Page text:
A Letter to Depression

Hello Depression!

It’s been so long, I can hardly remember what you are like. I can’t even remember the times when you were unnamed. But I’m writing you now, because I need better understanding to help people.

My relationship with you has been better and been worse throughout time. I remember being ashamed of a recording I found of myself from kindergarten saying how stupid I am (to myself). I itched my legs raw in childhood, and it was probably a manifestation of you. I remember middle and early high school being angry and crying all the time, having nice teachers look at me like, “What in the world is wrong?” Not in a judgy way, but genuinely concerned way. And I would think to myself, “I have NO IDEA.” It was you.

Objectively, those pre-adolescent and adolescent days were amazing, I wish I paid more attention to them, than I did to you. Trying to figure you out. Trying to make you go away. Not understanding how I could get along with so many people, live in some of the most amazing places, laugh, play, worship, but still feel you, and want to die.

Over time, with growth and maturity (and plenty of attention and help and, of course, figuring you out), I was ok with you. I was with you, because when bad things (or even just normal annoying things) happened, I needed to be with you, but I did not need to be with you forever. Depression, you made sense for various events in my life, even if my body and emotions were a little more sensitive, and I was sadder longer than I wanted to be. I stopped beating myself for being with you, and let you wash over me like a wave. Even if I felt it, I was never in danger of drowning. I was safe.

This is all retrospective though. You haven’t been at your strongest in over a decade, but Depression, I know that things can happen, and you will be there again.

That’s enough trip down memory lane, what I’m trying understand now is how to help others. You manifest so different in every person, and “feeling better” is also extremely different and objective for every person. Most kids and adults that I know who have a relationship with you fight you so hard. They want you to go away forever, or avoid you with busyness and/or dissociation, blame others, or are waiting for someone very specific to help them fight you.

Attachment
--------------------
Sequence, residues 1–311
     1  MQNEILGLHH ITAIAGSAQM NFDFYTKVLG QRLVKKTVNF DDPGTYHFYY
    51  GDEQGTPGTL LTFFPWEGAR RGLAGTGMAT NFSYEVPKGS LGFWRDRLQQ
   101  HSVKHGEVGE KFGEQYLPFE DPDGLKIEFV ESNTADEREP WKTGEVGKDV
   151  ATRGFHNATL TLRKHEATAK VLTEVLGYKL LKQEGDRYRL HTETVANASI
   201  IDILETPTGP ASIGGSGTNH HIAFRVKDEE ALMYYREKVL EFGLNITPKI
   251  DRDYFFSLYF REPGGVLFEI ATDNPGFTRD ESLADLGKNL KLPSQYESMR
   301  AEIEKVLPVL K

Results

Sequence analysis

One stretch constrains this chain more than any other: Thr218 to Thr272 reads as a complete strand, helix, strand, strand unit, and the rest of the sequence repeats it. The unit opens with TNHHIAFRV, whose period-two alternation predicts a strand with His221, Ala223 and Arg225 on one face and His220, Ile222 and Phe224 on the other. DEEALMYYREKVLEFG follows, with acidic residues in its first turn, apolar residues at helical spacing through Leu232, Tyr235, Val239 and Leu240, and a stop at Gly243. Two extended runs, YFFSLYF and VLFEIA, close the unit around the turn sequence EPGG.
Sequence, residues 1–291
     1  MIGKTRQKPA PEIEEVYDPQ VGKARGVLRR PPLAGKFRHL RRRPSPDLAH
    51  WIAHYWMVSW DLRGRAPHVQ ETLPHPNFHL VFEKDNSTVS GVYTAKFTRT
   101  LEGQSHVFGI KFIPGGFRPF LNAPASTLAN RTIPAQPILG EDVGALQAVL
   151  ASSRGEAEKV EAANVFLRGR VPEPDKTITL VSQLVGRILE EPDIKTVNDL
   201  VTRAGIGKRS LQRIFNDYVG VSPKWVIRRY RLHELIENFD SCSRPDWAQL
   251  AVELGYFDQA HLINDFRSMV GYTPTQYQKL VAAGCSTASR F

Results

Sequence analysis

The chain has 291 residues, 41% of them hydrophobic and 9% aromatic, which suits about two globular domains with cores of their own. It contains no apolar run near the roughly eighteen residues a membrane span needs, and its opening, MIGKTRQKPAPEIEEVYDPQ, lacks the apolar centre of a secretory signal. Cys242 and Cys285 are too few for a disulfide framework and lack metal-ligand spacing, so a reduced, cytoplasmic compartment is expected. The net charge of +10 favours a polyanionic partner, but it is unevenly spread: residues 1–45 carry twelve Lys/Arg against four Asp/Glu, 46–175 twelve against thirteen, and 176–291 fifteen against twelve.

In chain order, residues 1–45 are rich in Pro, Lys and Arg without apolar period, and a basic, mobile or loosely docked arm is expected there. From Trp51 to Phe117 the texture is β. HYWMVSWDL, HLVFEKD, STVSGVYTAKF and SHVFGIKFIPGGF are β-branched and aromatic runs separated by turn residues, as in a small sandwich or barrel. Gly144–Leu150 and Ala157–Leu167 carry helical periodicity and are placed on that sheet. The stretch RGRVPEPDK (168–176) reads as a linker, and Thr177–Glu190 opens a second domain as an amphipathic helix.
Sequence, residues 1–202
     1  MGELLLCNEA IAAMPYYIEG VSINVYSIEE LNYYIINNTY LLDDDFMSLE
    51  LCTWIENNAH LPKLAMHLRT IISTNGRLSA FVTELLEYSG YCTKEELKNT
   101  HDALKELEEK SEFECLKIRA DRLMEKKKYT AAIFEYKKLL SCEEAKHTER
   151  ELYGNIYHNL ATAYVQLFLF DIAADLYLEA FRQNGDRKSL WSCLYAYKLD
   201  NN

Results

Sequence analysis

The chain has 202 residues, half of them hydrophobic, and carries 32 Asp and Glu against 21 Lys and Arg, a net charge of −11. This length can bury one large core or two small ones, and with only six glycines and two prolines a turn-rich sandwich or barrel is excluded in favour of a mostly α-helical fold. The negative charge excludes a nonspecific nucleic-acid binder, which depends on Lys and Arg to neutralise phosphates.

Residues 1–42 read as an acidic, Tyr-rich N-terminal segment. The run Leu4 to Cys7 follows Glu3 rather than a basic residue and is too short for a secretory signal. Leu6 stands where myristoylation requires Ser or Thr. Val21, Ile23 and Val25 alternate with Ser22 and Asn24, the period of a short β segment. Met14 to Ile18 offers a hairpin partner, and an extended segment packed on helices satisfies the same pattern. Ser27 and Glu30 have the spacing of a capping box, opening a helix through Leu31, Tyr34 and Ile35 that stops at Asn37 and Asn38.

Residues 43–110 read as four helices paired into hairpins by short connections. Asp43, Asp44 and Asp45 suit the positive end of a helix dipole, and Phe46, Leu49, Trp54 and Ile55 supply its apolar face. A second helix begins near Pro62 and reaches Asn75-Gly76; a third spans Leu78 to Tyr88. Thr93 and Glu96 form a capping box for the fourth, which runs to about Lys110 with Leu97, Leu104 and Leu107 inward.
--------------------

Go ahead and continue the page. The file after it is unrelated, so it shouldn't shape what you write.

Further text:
It’s depressing (pun intended) to be away from you, trying to help people get away from you. It seems all they really need is for someone to simply hold them with you and remind them that it doesn’t have to be forever.

“This won’t be forever, and if it is forever, I’ll be here forever with you.”

Maybe that’s what you are, or could be, Depression, a warm blanket in the dark traumatic or annoying parts of our lives. I think many people think that you are the dark, but the dark is whatever has happened, and you are the warm blanket. Some of us stay under the blanket, too afraid to see if the light has returned or too afraid the dark will come again. We need help coming out, enjoying the light when it’s there.

No one wants to deal with you this way or be with you even when they need you. They want behavior modification. They want to do do do, or “Here’s this pill, it might work.” Medically, there’s this annoying thing that as long as a person is functioning, then you are not a problem. Depression, you are only a problem if we turn to self harm or self neglect or lack of productivity–which is pretty extreme–where a person literally can’t function for months at a time. Meanwhile, millions function with you, Depression, and still see you as a problem.

Even with this letter, I’m trying to find a way to grab a hold of you and throw you away, to save myself and others from a relationship with you. It’s like trying to save people from the inconvenience of breathing or eating or sleeping.

So, how do we get you to back off? I know that it’s possible. I know you’ve backed off quite a bit from me, but what about others?

Is it time? Is it busyness? Is it just replacement strategies? Is it a close social network, good family and friends? Is it self-awareness? Is it Jesus? Is it a lot of things or just a couple? Is it sudden or gradual? Can it be any, all, or combo? Why can’t you just make it easy?

Any insight would be helpful.



Read “A Letter From Depression” next. 


Author: Paige

Explorer. Healer. Eater. School counselor, teacher, party planner. Personal passions are holistic healthcare education, spirituality, food, and writing.

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